THE TRADE: removal of malignant tumor rejuvenates Mavs and returns them to living
02/23/10 12:27 PM
By ED BARK
An overdue eviction of Josh "J Ho" Howard has re-routed the Dallas Mavericks toward endless possibilities when the NBA playoffs roll around.
The above statistics, put up on Fox Sports Southwest Monday night, are jaw-dropping in what they say about the Mavs' defense since the acquisitions of Caron Butler, Brandon Haywood and DeShawn Stevenson from the Washington Wizards. Haywood in particular. He's been an Incredible Hulk inside, averaging 11 rebounds and 2.4 blocks per game while playing in place of the injured Erick Dampier.
NBC5 sports anchor Newy Scruggs and others may well be right that Haywood, not Butler, is the key to a trade that wiped away the stench of the malingering Howard and brought in three gamers. Jason Kidd in particular seems reborn, playing with the new-found conviction that these Mavs might actually have a shot at a lengthy playoff run.
The old Mavs clearly were beaten down and on the ropes, with Dirk Nowitzki playing with a noticeable slump in his shoulders as the losses piled up before the All-Star break.
Dallas has gone 4-1 since then, with only one opponent (the Pacers on Monday night) a certified scrub. The new Mavs pretty much toyed with Indiana. The old Mavs probably would have been lucky to win in the final minutes. That's another difference between then and now. And the previous edition never would have whipped the powerful Orlando Magic on their home floor.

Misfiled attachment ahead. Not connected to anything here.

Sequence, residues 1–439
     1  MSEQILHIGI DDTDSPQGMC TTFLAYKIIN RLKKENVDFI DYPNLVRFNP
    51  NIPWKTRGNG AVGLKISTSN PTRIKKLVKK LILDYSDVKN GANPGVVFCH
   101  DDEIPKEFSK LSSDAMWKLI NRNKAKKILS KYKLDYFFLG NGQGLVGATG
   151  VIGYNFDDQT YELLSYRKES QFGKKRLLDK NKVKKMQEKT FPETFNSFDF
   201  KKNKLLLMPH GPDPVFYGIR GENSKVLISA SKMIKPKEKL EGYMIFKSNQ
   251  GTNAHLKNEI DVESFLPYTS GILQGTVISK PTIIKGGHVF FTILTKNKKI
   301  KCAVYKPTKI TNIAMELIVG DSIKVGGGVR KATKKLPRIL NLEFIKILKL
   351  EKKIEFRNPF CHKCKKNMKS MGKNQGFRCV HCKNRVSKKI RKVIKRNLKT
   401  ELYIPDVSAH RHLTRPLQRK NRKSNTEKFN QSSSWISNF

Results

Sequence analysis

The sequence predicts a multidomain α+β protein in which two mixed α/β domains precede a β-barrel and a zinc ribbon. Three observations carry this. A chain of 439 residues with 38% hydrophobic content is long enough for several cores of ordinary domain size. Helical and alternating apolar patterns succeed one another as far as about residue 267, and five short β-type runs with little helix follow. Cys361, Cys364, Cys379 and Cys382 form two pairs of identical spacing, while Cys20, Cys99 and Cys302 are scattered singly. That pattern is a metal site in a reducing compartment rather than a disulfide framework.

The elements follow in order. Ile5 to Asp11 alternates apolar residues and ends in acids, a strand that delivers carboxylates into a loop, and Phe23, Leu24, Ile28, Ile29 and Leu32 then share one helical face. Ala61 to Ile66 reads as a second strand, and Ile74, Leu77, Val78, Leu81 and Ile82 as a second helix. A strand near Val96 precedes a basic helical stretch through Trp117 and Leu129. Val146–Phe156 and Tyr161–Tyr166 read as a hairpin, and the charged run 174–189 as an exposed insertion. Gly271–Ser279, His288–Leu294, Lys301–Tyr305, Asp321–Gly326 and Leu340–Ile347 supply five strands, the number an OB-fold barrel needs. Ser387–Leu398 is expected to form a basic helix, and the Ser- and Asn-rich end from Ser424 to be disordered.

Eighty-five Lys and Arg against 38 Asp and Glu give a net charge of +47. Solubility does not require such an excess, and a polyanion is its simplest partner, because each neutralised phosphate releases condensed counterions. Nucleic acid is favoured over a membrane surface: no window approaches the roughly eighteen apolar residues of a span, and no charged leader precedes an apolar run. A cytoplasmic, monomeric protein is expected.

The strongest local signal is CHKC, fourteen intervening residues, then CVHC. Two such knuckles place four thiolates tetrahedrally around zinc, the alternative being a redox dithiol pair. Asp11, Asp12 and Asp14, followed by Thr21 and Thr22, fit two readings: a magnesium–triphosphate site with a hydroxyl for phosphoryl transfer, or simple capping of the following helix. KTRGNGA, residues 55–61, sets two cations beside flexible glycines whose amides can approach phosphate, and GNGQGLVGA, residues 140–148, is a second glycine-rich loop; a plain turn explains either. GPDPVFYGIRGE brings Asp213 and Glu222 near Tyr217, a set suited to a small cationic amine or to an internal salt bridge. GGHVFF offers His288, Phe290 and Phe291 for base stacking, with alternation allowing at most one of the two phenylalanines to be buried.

Now come the mighty Los Angeles Lakers in a Wednesday night game at the AAC that should pull the Mavericks out of the ratings doldrums for at least a night. They'll square off on both TXA21 and ESPN, with Dallas looking to prove something. In other words, let's play hardball.
Reborn or not, the window remains small for the Mavs. They didn't get younger with the trade. Seven Mavericks are 30 or over, and Butler will hit that milestone on March 13th. On the current roster, only 22-year-old rookie guard Rodrigue Beaubois is a possible future star.
Dallas hit rock-bottom -- hopefully -- with a miserable 9-point home loss to the woeful Minnesota Timberwolves on Feb. 5th. Your friendly content provider quickly lashed out with enough vitriol to stock Simon Cowell's medicine cabinet for the next decade.
But that was then. Owner Mark Cuban deserves credit for seeing the obvious and pulling the trigger on a trade that brought new grit to the team while also cleansing it of a constantly injured head case who occasionally showed up for half a game or so. The Ding-Dong is gone and the bell has sounded for the Mavericks' stretch run.
It very much looks like they're ready to make the most of it. And it's fun to get behind 'em again.